A couple of weeks ago, I read a wonderful article by Catherine at Segullah. Her quote from Sandra Cisnero's short story, "Eleven," explains the premise of her thoughts, and they are well worth reading:
“What they don’t understand about birthdays and what they never tell you is that when you’re eleven, you’re also ten, and nine, and eight, and seven, and six, and five, and four, and three, and two and one. And when you wake up on your eleventh birthday you expect to feel eleven, but you don’t. You open your eyes and everything’s just like yesterday, only it’s today. And you are––underneath the year that makes you eleven.
"Like some days you might say something stupid, and that’s the part of you that’s still ten. Or maybe some days you might need to sit on your mama’s lap because you’re scared, and that’s the part of you that’s five. And maybe one day when you’re all grown up maybe you will need to cry like if you’re three, and that’s okay. That’s what I tell Mama when she’s sad and needs to cry. Maybe she’s feeling three.”
What better way to explain age and aging? My husband will be 60 in April, my son-in-law 35, my son 30, my sister 52, my brother-in-law a certain age (diplomacy is alive and well in this family), and my mother 83. Another son will turn 28 in May, right before I hit the magical milestone of 58. Birthdays are on my mind, and I am realizing more and more that I carry, catalogued within me, the indelible print of every year I've lived on the earth...a collection of selves that can be accessed at any time (for good or for ill) depending upon need, attitude, and circumstances. What an interesting reflection this is!
In gospel doctrine class the other day, our teacher asked someone to stand up who was 40. I nearly rose to my feet, because all I could think of was that I am 40, and 41, and 42...that I am, in fact, every age I've ever experienced...for I hold the essence of that age carefully in my heart and spirit. I hope I can remember to be as humble as my 1-year-old self, as playful as the 4-year-old version, as pure as the 8-year-old, as hopeful as the 12-year-old, as feisty as the 16-year-old, as enthused as the 20-year-old and so on. I hope I can forgive myself when I'm as willful as the 2-year-old or lazy as the 14-year-old. I want to be as wise as the 44-year-old, as patient as the 52-year-old, and as available to serve my family as the soon-to-be-58-year-old.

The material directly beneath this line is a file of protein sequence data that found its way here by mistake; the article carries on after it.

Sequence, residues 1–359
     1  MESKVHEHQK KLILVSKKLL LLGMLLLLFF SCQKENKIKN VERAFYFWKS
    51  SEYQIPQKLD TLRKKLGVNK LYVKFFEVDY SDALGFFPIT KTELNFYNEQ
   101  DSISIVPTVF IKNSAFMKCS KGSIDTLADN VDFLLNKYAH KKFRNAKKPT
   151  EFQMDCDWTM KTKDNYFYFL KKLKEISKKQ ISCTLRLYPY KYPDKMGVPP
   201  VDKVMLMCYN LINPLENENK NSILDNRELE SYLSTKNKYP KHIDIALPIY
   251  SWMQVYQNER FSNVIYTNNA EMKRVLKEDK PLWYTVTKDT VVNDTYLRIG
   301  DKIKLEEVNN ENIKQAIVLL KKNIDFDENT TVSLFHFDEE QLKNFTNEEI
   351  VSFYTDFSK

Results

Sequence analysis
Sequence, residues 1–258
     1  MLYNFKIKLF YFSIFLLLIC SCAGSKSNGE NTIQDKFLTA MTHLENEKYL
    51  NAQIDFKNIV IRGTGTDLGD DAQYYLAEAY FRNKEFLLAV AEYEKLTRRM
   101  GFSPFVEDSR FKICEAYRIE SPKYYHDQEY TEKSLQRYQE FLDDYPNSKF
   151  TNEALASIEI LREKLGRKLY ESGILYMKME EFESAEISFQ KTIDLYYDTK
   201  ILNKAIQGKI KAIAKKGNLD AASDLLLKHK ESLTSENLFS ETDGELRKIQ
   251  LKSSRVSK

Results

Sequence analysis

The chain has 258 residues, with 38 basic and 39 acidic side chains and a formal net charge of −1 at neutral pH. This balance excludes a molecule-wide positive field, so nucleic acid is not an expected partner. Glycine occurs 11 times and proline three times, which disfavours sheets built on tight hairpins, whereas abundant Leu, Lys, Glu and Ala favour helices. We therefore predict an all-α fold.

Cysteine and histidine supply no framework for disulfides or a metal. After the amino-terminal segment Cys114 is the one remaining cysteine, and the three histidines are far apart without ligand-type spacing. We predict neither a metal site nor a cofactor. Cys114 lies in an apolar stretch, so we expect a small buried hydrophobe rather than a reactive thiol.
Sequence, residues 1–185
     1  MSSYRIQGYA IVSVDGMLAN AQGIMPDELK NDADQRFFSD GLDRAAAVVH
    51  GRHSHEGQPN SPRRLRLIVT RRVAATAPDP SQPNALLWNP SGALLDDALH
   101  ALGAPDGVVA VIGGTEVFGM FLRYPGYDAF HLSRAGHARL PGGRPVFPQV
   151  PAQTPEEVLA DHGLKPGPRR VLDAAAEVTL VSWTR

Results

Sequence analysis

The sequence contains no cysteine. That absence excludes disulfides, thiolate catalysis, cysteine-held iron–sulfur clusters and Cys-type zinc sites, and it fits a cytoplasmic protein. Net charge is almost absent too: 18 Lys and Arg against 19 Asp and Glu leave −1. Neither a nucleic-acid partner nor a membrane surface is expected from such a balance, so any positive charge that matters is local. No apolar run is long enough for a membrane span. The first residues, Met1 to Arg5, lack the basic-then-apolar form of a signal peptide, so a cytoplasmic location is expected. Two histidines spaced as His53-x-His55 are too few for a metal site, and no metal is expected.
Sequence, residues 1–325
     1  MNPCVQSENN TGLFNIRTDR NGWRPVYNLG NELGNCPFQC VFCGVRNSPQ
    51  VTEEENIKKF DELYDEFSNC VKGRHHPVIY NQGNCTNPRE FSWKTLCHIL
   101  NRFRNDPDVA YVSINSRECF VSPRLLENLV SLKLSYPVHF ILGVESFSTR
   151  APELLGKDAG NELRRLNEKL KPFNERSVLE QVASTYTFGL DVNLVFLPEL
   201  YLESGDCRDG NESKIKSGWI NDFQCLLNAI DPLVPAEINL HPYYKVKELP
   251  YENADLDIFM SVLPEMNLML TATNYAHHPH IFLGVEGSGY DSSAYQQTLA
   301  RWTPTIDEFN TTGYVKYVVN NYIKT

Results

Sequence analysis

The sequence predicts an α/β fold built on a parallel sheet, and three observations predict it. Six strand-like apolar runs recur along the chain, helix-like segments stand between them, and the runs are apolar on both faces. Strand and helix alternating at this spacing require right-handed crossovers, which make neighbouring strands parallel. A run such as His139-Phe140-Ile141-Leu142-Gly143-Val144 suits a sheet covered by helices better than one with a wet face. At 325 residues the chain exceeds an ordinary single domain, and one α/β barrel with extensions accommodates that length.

I'd like to reach back into my history and find all of the good that is there, because it occurs to me that, while I have gained wisdom with my years, every year along the way holds its own virtues and merits that were and are unique to that particular phase or stage of my life. I need to be sure that, as time passes, I don't lose sight of those lessons learned, feelings felt, or spiritual connections made just because the hours and days and years have moved me away from them.
I am, after all, every age that I have ever been. I am free to embrace and take hold of every moment of my life and put it to good use, past and present.
“The way you grow old is kind of like an onion or like the rings inside a tree trunk or like my little wooden dolls that fit one inside the other, each year inside the next one" (Sandra Cisnero, Eleven).
Thanks, Catherine, for helping me see the onion. And inspiring me to peel it...
and peel it again...